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Old 07-31-2007, 11:29 AM   #21
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Jumpstart:

Again.... High yield bonds are not risk-equivalent to paying down the mortgage. Apples and Oranges.
A lot of people like to talk about risk from only one side, when there are usually two sides. You're speaking about the risk of volatility; volatility being greater with corporate/high-yield bonds. I tend to reflect more often on the risk of missing out on making the best of a given situation (meaning, not earning as much as I could have with a given pile of cash over a 30-year period).

Overall, the two-sided coin of "risk" tends to null itself out, unless we're talking about a short-time frame so I don't see the point of even discussing it. But we're not; we're talking about 30 years.

Now if you think you're one of the types to freak out and sell at bottoms, go to cash until a market peaks, then invest again, wash and repeat...... then, yeah, pay off the mortgage

For beginners/novices, one could do much worse than paying off any debt; Ala Dave Ramsey. I'd probably give different advise depending on my audience.

...........

Oh yeah, one other tip; If you're a married man, find something else to invest in rather than paying off the mortage.
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Old 07-31-2007, 11:35 AM   #22
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No I was referring to the risk of default on the high yield bonds not their volatility.

We can all find an investment that will pay better than a mortgage rate. The question then becomes how much extra risk do I need to take on. You are right, if you don't quite grasp that risk concept then there is nothing to discuss.
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Old 07-31-2007, 11:39 AM   #23
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No I was referring to the risk of default on the high yield bonds not their volatility.
I'm not near advanced enough to buy junk bonds in the individual market. Buy these through a mutual fund so that the occasional default is absorbed by the fund and will probably go unnoticed.

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We can all find an investment that will pay better than a mortgage rate. The question then becomes how much extra risk do I need to take on. You are right, if you don't quite grasp that risk concept then there is nothing to discuss.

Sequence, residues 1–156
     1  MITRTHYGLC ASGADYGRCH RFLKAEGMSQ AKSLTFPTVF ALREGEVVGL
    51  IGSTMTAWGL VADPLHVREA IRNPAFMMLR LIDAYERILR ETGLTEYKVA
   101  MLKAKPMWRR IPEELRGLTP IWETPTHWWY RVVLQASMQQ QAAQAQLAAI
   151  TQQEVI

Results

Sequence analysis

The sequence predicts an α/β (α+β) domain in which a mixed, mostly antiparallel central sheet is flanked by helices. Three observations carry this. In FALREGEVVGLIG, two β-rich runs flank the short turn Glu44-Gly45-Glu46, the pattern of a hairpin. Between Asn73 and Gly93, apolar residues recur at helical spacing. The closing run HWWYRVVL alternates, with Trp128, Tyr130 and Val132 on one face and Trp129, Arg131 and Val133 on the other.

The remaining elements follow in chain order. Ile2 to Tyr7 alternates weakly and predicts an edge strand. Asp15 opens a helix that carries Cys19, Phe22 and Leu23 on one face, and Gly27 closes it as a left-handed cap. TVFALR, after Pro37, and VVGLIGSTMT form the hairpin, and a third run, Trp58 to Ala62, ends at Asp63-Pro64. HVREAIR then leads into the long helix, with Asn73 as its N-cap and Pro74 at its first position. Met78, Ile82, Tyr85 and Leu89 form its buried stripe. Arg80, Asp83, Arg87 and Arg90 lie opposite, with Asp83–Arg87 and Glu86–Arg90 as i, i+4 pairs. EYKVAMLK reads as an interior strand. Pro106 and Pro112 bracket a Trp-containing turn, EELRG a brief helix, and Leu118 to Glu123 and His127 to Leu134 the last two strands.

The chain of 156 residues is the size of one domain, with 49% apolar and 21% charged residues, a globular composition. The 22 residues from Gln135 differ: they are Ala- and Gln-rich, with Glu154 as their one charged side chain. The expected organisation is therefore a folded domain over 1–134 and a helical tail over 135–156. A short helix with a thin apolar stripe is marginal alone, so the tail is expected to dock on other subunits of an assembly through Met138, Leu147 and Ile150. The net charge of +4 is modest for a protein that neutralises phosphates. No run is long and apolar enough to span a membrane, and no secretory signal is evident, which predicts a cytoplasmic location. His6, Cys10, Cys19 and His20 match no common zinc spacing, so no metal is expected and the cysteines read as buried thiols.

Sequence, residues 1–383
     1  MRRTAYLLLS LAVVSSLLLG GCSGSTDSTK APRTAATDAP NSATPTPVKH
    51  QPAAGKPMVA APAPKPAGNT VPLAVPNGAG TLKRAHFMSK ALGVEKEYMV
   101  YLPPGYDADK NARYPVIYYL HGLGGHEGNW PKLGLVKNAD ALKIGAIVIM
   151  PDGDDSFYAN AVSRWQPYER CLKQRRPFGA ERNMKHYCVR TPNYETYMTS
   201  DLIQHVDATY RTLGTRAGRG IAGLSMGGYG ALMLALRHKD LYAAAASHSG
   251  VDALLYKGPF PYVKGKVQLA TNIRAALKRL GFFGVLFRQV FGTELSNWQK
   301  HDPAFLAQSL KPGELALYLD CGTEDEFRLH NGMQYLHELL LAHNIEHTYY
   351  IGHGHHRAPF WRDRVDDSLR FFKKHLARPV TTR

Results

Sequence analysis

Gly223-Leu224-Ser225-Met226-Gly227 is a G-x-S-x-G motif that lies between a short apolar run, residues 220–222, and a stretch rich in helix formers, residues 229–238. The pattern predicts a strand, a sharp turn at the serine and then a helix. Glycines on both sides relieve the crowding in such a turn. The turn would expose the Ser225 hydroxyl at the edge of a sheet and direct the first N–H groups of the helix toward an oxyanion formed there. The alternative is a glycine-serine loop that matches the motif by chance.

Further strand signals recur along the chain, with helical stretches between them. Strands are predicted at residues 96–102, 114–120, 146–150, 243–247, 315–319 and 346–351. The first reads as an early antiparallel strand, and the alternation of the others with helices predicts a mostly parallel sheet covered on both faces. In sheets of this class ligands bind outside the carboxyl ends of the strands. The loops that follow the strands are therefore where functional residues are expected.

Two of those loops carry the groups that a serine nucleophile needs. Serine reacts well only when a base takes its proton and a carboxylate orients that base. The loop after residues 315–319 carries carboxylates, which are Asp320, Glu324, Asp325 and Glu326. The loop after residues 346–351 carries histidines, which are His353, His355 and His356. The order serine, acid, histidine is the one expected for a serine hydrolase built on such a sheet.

I don't want to get too hung up on junk bonds; I just threw that out as an example; besides don't invest 160K in these unless you have 2M plus! A diversified hybrid bond fund (having investment grade, junk, maybe zeros, etc) would probably be a better choice.
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Old 07-31-2007, 11:45 AM   #24
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Eureka - You have found "The Sure Thing", now go mortgage your parents house to buy it.
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Old 07-31-2007, 11:54 AM   #25
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Jumpstart

Eureka - You have found "The Sure Thing", now go mortgage your parents house to buy it.
Its nice to see we can discuss this in a mature way.
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Old 07-31-2007, 12:00 PM   #26
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Jumpstart:

Well, you just aren't getting it.
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Old 07-31-2007, 12:09 PM   #27
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Well, you just aren't getting it.
Whatever you say, Chief
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Old 07-31-2007, 12:30 PM   #28
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Come on fellas, if we're going to have a squabble lets at least put some content into it. It looks like you guys are about to devolve into "oh yeah?" and "sez you!"

Junk bonds have plenty of default risk to go with the volatility risk, and I wouldnt consider them a very good investment choice to eke out a percent or two. In fact, the junk market sucks right now and I'd need to see at least 4-5% to start biting.

In any case, I doubt Joe Investor is socking his bond money into tax deferred high yield corporates. He's probably plunking his 20-30%, like the book says, into plain old treasuries or a broad bond fund. And paying 5-6% to the bank while getting 5% return on the bonds.

And I dont think its 4% due to the tax savings. Half of the "tax savings" gets wiped out by itemizing vs the standard deduction, for the average family.
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Old 07-31-2007, 01:14 PM   #29
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I'm stuck in a house with no appreciable equity (we're trying to sell right now, we'll be lucky if we walk away net what we paid for it 6 years ago).

I am 20% in bond funds (tax-advantaged accounts, mostly treasuries, the junk bond fund didn't have a compelling enough spread over the high-grade fund).

However, I am also aggressively paying down the house. The 33-35% tax break on $800 a month in interest just doesn't seem worth it. I'd rather have the flexability when it comes time to sell or refi to choose which way to go with this stupid thing. I see much better write-offs, and feel better, with my charitable stuff.

Paying down / off the house to me, is more about flexability and psychology than anything. You're not as panicked if you need to sell in a down market and, if you do work your way down to no mortgage payment, then you have options if you hit a downturn. Sure, you will make more if you invested the money over a given time period, but, personally, I'd rather owe less on a house.

different strokes....
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Old 07-31-2007, 05:08 PM   #30
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Happiness may be a snuggly puppy, or it may be a baby's coo, but it is also the joy of living in a paid off house that is completely, totally, entirely, irrevocably mine.

Priceless.

Which is not to say that that's the only value; I think often (though not always) it is financially beneficial as well.
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Old 07-31-2007, 10:10 PM   #31
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In any case, I doubt Joe Investor is socking his bond money into tax deferred high yield corporates. He's probably plunking his 20-30%, like the book says, into plain old treasuries or a broad bond fund. And paying 5-6% to the bank while getting 5% return on the bonds.